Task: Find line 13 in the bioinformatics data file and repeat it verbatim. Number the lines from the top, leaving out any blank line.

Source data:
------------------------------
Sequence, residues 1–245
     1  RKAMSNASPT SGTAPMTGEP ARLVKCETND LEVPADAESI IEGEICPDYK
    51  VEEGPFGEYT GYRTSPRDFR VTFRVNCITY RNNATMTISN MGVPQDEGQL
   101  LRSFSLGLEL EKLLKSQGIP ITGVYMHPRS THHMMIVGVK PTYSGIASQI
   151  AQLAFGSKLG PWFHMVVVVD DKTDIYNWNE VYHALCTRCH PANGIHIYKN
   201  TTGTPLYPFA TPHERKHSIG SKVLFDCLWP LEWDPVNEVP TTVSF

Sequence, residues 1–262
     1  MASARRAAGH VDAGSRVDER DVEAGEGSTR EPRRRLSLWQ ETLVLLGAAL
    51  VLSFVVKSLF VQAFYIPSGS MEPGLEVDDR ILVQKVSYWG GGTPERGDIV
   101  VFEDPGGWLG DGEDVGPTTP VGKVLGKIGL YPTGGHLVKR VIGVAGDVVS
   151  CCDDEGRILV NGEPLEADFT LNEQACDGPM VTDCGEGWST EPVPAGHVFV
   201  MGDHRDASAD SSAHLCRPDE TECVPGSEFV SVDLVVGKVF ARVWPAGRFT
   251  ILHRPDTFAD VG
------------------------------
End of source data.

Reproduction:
   251  ILHRPDTFAD VG